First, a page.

Music from Brazil and Argentina took the Fifth Floor Gallery stage May 9 at this month’s installment of the Arts and Resilience series.
Members from the chamber music group Aperio delighted the audience with classic and popular music for the cello and piano during the more than hour-long performance.
“The music of Brazil blurs the boundary between classical and popular music,” explained Michael Zuraw, pianist and artistic director of Aperio.
Aperio performs the music of contemporary composers across the Americas and has been active in the Greater Houston area for 13 years. Zuraw was joined by Aperio member Daniel Saenz on cello.
The duo’s first set included music of Brazil, which showcased its traditions of jazz and samba as well as folk elements of indigenous and African cultures. Selections included “Acalanto de Rosa” by Claudio Santoro; “Song of the Black Swan” by Villa-Lobos; and the third movement of “Elementos” by Clarice Assad.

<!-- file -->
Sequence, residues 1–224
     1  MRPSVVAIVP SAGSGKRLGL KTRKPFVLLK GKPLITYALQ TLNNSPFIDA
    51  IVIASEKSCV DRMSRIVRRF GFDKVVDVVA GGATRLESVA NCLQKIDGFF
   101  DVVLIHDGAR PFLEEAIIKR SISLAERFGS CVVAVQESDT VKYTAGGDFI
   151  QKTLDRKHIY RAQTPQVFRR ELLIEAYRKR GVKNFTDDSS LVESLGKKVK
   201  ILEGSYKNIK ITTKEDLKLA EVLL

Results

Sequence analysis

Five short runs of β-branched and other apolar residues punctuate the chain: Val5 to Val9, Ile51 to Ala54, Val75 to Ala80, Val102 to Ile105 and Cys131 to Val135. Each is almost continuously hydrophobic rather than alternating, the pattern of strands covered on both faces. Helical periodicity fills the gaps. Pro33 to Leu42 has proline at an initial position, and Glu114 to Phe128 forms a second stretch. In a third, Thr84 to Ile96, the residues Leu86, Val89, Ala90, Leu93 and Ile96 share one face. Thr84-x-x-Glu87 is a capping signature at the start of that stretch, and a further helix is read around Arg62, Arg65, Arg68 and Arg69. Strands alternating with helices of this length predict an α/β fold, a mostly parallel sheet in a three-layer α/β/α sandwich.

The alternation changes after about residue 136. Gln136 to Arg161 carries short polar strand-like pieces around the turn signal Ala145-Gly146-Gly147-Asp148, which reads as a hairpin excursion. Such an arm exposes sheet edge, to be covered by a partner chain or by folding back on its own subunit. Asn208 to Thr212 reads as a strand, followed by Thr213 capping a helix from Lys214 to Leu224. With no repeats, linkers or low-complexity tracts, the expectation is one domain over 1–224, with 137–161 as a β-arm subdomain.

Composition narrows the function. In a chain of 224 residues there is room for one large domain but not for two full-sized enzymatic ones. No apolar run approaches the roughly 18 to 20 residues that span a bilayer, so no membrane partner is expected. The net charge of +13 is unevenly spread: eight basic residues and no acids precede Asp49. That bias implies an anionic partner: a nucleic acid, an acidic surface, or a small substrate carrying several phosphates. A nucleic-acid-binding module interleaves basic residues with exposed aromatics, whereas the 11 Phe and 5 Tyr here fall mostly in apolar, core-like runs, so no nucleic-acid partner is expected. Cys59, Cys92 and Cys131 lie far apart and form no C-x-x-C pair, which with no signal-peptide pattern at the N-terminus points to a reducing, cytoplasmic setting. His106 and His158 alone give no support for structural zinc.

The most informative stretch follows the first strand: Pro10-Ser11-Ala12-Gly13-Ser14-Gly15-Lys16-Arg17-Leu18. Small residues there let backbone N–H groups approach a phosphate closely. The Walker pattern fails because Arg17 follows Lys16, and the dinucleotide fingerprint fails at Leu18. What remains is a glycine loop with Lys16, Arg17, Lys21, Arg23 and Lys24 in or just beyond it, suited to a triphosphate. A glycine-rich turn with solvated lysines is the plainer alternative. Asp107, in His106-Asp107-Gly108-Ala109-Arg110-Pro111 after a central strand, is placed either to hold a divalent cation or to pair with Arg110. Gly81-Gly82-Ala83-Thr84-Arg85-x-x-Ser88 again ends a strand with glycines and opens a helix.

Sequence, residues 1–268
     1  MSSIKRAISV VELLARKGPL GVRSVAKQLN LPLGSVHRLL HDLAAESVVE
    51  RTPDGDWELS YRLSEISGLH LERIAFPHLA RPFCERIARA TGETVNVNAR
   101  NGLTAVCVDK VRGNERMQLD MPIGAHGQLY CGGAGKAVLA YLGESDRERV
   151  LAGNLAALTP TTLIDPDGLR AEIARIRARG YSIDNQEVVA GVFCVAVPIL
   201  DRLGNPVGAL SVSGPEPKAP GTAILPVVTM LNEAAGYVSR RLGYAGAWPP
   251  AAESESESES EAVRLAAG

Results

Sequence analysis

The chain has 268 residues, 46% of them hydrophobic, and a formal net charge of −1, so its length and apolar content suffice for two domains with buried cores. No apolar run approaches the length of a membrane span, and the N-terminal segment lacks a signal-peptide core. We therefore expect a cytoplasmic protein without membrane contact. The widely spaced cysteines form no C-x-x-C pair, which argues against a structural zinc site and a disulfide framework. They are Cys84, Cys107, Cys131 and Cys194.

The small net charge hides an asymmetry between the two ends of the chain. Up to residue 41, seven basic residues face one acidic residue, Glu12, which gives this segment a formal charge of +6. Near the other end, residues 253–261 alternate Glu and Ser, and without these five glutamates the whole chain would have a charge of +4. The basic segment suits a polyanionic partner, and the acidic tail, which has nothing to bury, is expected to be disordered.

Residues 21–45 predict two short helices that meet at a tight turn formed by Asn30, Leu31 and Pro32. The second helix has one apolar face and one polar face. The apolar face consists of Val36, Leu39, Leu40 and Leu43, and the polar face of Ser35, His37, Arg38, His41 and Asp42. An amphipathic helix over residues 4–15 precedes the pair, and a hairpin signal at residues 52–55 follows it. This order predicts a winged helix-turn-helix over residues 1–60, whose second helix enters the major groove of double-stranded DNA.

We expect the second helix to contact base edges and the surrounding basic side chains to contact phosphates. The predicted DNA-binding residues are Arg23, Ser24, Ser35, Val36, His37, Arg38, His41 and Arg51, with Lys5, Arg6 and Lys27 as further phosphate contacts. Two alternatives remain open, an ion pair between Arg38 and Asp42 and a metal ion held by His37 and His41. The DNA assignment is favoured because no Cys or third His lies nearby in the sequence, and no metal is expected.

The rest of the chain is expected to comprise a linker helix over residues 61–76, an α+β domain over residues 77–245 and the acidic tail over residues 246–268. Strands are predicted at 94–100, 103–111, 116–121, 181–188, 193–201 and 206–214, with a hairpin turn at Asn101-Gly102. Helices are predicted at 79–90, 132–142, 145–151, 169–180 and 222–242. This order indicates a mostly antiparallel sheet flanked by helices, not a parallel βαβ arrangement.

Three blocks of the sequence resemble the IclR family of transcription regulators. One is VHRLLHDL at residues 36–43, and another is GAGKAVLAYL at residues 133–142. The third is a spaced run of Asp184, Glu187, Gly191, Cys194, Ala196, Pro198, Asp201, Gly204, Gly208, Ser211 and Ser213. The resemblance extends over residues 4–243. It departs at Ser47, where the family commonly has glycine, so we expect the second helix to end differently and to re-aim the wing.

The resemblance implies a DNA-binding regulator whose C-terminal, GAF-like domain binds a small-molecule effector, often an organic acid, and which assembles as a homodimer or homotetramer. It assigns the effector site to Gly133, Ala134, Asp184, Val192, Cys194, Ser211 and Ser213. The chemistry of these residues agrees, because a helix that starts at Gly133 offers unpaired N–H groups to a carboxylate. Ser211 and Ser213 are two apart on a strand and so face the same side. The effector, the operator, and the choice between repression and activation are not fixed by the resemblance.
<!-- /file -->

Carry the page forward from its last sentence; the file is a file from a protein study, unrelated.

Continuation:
The Assad selection symbolized water, Zuraw said, and was both a representation of a jellyfish floating in the water as well as a depiction her hometown of Rio de Janerio. “It is also an allegory for our lives – we can only go where the water takes us,” he said.
They closed the Brazilian selections with pieces by Marlos Nobre, “Three songs of Iemanjá” and the romantic “Poema” before turning to works from Argentina.
The pieces from Argentina included an arrangement, “Alfonsina y el Mar,” written by Ariel Ramírez in memory of a poet who wrote a note, “I’m going to the ocean,” and never was seen again.
A piece by renown composer Astor Piazzolla, known for creating tango nueva, which is marked by American jazz influences, followed. The recital concluded with “Graciala in Buenos Aires,” by José Bragato, a cellist and close friend to Piazzolla.
The Arts and Resilience program is sponsored by the Dean’s Office in collaboration with the McGovern Center for Humanities and Ethics. For more information and a schedule, visit the program’s website here.